Forbes said that “Roughly half of U.S. professionals believe their companies will allow them to telecommute at least part of the time after the pandemic, according to LinkedIn’s Workforce Confidence Index” (Stoller, 2021).
Uprooting yourself from your current job to move away has never been a feasible/reasonable option before. However, now that companies have seen that employees are just as productive (some would say more productive) working from home, needing to come into the office everyday will not be necessary for most individuals.
Americans Looking to Move
Now that remote work has gained more acceptance and now that it is an option for many, more Americans are thinking of or have already started the process of moving away. Earlier this year, CNBC said that “Nearly 20% of people in the country are working from home full time as of December and 28% of Americans have considered relocating during the pandemic, NPD said. In addition, 20% more consumers are planning to move this year compared with the prior year” (Tsai, 2021).
One perk for businesses will be the much lower employee turnover rates. Individuals will be less likely to turn down or quit a job due to a long commute or too much time spent at the office. Without needing to worry about significant travelling for work, commuting long distances just to get to the office, and time spent away from home, employees will not have work factors that impede on their lives and will be less likely to turn down offers or quit current jobs.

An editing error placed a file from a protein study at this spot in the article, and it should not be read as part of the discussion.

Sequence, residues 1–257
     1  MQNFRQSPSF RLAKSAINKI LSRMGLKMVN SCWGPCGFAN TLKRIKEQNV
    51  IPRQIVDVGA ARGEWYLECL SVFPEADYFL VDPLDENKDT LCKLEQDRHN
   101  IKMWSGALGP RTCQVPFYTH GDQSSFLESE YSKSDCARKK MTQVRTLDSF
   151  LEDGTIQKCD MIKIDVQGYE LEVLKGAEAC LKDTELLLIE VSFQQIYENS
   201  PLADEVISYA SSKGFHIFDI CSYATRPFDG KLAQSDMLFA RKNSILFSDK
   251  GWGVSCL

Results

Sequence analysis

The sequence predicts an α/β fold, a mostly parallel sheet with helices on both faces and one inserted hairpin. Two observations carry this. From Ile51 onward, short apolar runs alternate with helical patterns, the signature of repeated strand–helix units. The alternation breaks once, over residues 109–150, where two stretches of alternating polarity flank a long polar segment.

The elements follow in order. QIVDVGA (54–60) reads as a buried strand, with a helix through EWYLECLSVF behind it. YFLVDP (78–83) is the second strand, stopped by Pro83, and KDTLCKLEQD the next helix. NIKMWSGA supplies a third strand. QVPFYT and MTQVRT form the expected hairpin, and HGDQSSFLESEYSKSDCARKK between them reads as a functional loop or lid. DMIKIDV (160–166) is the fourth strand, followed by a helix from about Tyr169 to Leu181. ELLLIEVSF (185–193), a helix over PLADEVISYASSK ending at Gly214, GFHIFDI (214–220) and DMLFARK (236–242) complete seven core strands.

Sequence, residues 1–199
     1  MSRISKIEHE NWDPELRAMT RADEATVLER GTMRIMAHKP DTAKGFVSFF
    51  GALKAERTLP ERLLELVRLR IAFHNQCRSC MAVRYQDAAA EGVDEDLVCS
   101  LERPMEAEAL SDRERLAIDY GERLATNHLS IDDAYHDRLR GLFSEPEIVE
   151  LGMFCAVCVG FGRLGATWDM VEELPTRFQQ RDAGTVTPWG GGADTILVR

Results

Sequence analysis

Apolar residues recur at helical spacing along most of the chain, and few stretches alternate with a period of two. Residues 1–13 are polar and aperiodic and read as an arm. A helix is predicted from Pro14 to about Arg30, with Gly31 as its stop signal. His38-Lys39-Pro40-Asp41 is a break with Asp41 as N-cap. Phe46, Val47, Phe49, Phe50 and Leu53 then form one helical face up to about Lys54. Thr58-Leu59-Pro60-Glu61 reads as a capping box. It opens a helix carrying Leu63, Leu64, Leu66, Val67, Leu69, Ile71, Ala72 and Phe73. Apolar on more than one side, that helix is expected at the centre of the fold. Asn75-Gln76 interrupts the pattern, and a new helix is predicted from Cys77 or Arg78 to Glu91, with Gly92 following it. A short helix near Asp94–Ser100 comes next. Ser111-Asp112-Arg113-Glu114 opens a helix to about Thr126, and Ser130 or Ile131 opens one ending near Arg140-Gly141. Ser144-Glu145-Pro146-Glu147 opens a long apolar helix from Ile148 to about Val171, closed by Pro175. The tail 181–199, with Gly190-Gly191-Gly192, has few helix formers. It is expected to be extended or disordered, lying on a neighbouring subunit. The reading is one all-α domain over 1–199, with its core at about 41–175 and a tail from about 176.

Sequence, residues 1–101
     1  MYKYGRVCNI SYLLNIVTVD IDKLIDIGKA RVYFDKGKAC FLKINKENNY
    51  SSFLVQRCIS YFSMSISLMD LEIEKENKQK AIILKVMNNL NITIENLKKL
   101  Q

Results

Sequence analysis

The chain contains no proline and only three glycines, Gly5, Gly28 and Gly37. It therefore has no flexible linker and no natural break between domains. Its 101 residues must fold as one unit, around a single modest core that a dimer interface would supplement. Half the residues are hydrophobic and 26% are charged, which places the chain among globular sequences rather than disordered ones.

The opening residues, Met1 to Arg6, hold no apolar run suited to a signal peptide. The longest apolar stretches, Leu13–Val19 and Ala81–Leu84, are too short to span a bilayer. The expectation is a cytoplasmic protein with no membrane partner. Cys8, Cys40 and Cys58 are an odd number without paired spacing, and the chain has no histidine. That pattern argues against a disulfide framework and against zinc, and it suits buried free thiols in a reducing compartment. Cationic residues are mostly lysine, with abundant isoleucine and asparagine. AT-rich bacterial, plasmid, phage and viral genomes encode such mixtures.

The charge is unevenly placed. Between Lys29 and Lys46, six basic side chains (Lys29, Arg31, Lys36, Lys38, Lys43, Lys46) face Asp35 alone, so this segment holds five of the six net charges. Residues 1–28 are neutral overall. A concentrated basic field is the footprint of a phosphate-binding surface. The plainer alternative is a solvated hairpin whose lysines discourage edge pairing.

Another perk will be that for the most part, American employees will not feel tied down to one town or one office. Needing to uproot your family from their hometown because you have been relocated or not being able to move away for years because of being tied to your job will no longer be issues that workers need to manage.
Employees look for jobs that can offer them a good work-life balance. Another article said that “Nearly two-thirds of American workers don’t feel they have the optimal level of work-life balance. With numbers like that, don’t be surprised if your employees start looking for other options that offer them a higher quality of life. If you want to keep your employees around, make sure your policies work with their personal lives as well” (Hall, 2019).
To learn more about remote work and it's potential effect on productivity levels and efficiency within a company, click the link below:
Hall, John. “What Really Keeps The Best Employees At Their Companies?” Forbes, Forbes Magazine, 9 Aug. 2019, www.forbes.com/sites/johnhall/2019/08/11/what-really-keeps-the-best-employees-at-their-companies/?sh=6b7baae38f27.
Tsai, Katie. “More Americans Are Looking to Move as Remote Work Gains Acceptance during Covid Pandemic.” CNBC, CNBC, 22 Feb. 2021, www.cnbc.com/2021/02/22/more-americans-are-looking-to-move-this-year-as-remote-work-takes-hold.html.
Stoller, Kristin. “Never Want To Go Back To The Office? Here's Where You Should Work.” Forbes, Forbes Magazine, 12 Feb. 2021, www.forbes.com/sites/kristinstoller/2021/01/31/never-want-to-go-back-to-the-office-heres-where-you-should-work/?sh=657af0767127.